This is a record with a story. Once there was a storm… Come in by the fire and watch the flames – a steady grounded burning, flickers of themes and the mind finding patterns. Acoustic Storm is released nearly a year after Elkhorn’s The Storm Sessions, essentially two improvised pieces recorded after being snowed-in by a massive storm.
These acoustic tracks were recorded the night before The Storm Sessions, the night that the three musicians retreated from the streets of New York, abandoning a gig that was sabotaged by the elements.
While the record they released from the next day’s playing features various electric sounds, all we hear on Acoustic Storm is two acoustic six-strings and one twelve-string. Those three voices speak at once, in turns, stepping forward and stepping back in an extremely attuned flow. It’s not clean and pristine, there are mis-steps, mistunings, lines that don’t lead anywhere and fall away, but the sound is clear and intimate.
In the honesty and simplicity of approach, Acoustic Storm seems to point back at ancient music, but the two pieces are not confined to one tradition. There are elements that are plainly in the US folk style, and that is a large part of where these players are coming from, but we also hear phrases that seem to come from elsewhere, or that wouldn’t sound out of place as part of a psych or krautrock exploration.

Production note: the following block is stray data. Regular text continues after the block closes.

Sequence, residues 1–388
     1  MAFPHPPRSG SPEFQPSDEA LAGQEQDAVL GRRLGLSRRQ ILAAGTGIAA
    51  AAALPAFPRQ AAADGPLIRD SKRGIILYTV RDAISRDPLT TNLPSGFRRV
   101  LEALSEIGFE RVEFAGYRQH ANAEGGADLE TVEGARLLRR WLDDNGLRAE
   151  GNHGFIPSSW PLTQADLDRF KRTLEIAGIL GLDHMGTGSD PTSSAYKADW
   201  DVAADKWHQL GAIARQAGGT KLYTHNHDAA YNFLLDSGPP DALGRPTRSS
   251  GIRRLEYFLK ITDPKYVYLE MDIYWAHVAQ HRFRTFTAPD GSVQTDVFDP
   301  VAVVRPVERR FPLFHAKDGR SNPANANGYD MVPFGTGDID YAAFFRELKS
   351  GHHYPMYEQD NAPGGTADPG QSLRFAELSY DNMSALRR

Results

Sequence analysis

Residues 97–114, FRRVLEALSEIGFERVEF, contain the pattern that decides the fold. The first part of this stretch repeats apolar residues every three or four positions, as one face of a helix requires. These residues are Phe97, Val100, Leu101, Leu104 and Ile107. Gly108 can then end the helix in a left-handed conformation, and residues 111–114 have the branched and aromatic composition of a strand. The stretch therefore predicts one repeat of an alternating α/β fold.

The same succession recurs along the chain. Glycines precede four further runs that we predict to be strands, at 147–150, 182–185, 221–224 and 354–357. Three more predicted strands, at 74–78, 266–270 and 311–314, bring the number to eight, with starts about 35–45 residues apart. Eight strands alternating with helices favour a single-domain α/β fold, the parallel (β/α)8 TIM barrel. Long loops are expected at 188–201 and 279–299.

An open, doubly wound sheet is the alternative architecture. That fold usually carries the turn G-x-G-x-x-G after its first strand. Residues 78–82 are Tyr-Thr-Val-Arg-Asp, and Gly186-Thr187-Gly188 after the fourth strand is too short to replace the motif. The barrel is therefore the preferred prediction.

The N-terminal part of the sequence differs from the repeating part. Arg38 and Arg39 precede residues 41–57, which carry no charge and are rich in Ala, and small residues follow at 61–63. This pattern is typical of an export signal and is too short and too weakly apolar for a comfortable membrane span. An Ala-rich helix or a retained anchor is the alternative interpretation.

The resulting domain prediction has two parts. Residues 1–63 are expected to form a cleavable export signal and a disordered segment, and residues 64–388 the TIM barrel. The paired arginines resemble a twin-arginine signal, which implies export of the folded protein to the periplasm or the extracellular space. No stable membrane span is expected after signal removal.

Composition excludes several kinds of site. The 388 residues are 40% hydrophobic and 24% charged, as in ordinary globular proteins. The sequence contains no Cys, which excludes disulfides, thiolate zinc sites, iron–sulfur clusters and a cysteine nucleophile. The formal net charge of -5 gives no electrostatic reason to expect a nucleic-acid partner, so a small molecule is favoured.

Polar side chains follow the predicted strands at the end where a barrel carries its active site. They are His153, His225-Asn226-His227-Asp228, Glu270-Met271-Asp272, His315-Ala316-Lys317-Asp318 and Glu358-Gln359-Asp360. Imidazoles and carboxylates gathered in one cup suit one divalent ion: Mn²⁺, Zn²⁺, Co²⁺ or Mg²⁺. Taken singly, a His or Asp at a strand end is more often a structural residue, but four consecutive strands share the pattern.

Modes shift around a held resolution, and the intertwining guitars push on and pull back at rhythm and melody…
Modes shift around a held resolution, and the intertwining guitars push on and pull back at rhythm and melody, introduce ideas to build momentum and resonance, or settle back through dry and brittle picking. There are the seeds of a dozen songs here, but it’s enough to sit with the sound and share the ‘mood of expansive calmness’ that Jesse Sheppard (twelve-string) says they felt during this session. That calmness is much more evident than on The Storm Sessions, nothing needs to be pushed to the fore, distorted or amplified because the tools work as they are.
Elkhorn say that with this recording they hope to ‘help transcend the noise and tumult of everyday life and make the necessary reach inward that much easier.’ It works for me, this is music as process, a function for both players and listener, a bridge between inward-looking and communication.
Scribed by: Harry Holmes